Getting Free From Fear (an action plan follow-up!)

What happens when something scares you? I don’t mean when you get surprised or shocked by something, I mean when something touches a deep part of your being and triggers that feeling of being threatened. Neurophysiology can show us what our brain does and psychology has provided some simple ways of understanding that reaction: flight or fight. But, we know that we don’t literally put up our hands to fight or run away every time we get scared, so how do we understand the core of our reactions and what do we do with that if we need to change?

Fear is powerful and unfortunately, for most of us it has a much greater influence in our lives than we might hope. Few of us have experienced the kind of fear that would determine if we would literally stay to fight or take to our heels and flee. What we all do however is react and it is the things that trigger reactions that are usually rooted in some kind of fear. Fear itself is often rooted in things that we lost or things that we never got that we needed, the experiences, the people, the intangible feelings that touch something in us and cause pain.

Reacting to fear based triggers obviously has drawbacks; the fact is that our lives are not typically under threat and responding based on feelings of threat takes us out of the reality of the situation we are in. When we get triggered based on old fear and pain we react in a way that is not appropriate for dealing with the current problem. We “bring our baggage” to the situation as they say. Ever have a boss who seems erratic and unpredictably explodes? Ever say to yourself, what is that all about? Have you ever behaved like that and then later felt crazy for snapping at that small thing: what was really going on?

We may say, “I was tired” or blame it on hormones and superficially that might be accurate, but really those are just factors that contribute to us not paying attention to what we are really feeling. Often, when you dig down into the issue fear is what was going on and it keeps us locked in patterns that repeat the original hurt that never healed. Fear keeps us from being our best selves, our true selves, and engaging honestly with the life we are living right now. Understanding fear lets you decide whether or not that feeling makes sense for your life today, and it lets you determine proactively if certain things are worth taking a risk or if you are more comfortable making another choice. The point is that you make a choice, stop reacting, and let go of the things that are getting in your way, even if those things are you!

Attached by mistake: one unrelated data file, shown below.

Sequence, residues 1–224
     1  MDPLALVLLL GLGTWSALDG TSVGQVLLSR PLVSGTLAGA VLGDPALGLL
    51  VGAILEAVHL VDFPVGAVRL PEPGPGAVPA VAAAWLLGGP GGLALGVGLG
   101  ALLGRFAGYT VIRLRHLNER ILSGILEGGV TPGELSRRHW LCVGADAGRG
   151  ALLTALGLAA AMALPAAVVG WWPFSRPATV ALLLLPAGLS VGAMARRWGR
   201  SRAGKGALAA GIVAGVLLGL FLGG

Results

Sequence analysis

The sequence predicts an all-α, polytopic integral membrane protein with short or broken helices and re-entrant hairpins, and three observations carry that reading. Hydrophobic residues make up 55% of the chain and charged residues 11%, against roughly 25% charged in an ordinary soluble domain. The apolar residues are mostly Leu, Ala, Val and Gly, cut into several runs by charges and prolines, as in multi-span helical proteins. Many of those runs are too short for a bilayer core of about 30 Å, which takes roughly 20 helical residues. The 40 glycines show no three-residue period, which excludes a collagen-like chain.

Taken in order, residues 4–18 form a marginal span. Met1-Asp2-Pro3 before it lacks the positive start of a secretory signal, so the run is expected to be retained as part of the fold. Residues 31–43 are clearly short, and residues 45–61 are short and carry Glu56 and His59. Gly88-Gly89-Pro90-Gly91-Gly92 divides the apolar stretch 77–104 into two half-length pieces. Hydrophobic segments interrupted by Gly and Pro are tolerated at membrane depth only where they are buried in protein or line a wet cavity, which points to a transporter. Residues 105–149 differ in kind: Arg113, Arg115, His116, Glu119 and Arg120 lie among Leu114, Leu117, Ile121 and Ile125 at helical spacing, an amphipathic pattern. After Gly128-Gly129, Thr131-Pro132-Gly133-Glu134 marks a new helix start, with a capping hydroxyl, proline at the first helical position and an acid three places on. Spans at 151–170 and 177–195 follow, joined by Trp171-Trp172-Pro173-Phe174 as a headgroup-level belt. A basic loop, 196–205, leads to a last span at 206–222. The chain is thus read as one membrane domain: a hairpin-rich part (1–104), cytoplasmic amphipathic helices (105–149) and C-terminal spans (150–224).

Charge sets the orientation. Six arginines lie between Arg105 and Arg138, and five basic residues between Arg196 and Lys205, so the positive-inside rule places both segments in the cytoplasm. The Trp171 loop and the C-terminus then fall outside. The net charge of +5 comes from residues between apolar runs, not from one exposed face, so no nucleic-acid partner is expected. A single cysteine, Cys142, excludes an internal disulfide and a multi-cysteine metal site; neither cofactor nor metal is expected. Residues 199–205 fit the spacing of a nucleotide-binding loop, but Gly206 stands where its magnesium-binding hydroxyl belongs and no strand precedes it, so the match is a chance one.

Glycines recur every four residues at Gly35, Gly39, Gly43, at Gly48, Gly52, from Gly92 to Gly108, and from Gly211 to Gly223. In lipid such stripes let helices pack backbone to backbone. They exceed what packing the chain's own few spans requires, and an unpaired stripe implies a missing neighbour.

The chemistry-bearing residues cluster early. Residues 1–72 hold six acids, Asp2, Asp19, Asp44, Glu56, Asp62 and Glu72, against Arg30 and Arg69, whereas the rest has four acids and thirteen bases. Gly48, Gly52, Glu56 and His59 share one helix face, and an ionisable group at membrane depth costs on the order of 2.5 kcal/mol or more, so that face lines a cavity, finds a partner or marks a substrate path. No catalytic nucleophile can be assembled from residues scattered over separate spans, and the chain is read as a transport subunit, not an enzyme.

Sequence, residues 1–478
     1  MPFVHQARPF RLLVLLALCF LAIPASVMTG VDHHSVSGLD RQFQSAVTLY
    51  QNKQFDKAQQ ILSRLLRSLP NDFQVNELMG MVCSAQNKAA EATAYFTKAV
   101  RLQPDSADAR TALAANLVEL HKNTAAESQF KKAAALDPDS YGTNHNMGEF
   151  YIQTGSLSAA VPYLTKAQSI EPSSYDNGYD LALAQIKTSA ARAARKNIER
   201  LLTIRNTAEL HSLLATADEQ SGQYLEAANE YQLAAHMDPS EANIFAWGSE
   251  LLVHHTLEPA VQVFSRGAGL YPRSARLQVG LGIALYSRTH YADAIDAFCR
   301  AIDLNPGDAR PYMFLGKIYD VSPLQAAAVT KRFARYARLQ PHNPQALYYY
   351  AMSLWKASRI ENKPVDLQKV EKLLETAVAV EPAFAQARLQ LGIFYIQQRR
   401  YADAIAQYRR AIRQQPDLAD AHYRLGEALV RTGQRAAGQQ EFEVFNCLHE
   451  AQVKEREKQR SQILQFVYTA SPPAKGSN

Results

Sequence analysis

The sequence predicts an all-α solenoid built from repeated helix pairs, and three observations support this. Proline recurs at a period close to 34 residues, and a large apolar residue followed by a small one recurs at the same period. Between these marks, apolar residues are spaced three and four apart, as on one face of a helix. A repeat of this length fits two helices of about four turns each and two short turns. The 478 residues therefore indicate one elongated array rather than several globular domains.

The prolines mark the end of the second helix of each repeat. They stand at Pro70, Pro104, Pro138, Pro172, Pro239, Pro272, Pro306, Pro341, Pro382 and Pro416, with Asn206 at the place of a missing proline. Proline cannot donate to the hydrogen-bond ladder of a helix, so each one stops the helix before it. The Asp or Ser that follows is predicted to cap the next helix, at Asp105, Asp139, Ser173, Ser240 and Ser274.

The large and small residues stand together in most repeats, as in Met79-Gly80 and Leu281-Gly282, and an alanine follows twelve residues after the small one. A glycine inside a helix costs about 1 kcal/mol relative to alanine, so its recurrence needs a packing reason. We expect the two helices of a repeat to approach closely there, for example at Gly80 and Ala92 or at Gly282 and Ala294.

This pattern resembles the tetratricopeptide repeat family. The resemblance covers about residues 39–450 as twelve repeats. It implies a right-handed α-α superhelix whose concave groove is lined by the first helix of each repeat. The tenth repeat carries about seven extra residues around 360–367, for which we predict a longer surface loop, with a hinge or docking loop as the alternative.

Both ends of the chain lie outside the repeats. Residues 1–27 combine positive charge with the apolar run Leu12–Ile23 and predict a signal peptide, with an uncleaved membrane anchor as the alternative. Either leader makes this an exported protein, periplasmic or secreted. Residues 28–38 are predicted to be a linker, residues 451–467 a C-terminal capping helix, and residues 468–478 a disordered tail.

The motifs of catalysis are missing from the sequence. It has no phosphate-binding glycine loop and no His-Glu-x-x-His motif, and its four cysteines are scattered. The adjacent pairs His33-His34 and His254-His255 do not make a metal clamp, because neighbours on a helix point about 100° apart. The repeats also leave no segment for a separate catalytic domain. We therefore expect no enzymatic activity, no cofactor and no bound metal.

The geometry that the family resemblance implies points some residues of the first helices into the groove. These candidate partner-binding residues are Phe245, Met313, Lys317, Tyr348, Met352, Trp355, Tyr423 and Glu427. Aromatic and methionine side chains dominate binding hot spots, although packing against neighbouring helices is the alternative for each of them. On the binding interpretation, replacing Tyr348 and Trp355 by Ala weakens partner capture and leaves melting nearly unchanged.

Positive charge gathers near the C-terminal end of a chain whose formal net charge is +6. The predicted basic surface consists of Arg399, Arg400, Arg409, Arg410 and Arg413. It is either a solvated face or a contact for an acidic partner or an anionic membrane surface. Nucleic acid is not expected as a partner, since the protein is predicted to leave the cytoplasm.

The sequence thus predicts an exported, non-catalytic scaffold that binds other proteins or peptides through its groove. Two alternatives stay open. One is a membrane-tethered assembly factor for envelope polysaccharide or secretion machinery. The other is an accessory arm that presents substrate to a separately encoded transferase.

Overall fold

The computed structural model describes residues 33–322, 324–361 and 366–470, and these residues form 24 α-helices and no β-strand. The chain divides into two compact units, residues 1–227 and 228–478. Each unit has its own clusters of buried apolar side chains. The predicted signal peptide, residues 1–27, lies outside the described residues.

This is a much easier concept to understand than to put in practice – like almost everything! But you can let go of fear that doesn’t protect you anymore, you can make room for opportunity by cleaning out those old stories that hold you back. Doesn’t it feel great when you spend the weekend cleaning out the garage of all that old stuff you don’t need, don’t want and can all of a sudden walk around and find the things you need? Same thing with your life, start now!

  1. For one month every night before you go to bed write down three things that you reacted to during the day. This might be an email that you sent and later went ‘uh oh, wish I hadn’t said it that way,’ or a live interaction, or even something that happened and after you spend time thinking to yourself what you would have said or done differently.
  2. At the end of the month categorize your reactions based on broad feelings, for example Anger, Embarrassment, Guilt, Sadness. Try to have no more than five major categories, anything that happens only once you can ignore, and then choose the two categories that have the most reactions.
  3. With your two big categories (you can do this exercise over and over, but it is best to only work on a couple of things at a time) ask yourself: when did these reactions happen (try to isolate if this is a cyclical thing, a time of day, etc); where did this happen (home, work, commute, etc); why was it important or necessary to engage in the way you did; and finally, what does this reaction feel like (imagine you are a small child, before you had words for feelings, what is going on when you experience this kind of emotion).

Once you isolate the pain, you can understand the fear and understanding means that you can decide if you need it, if you like it, and if you want to keep it!

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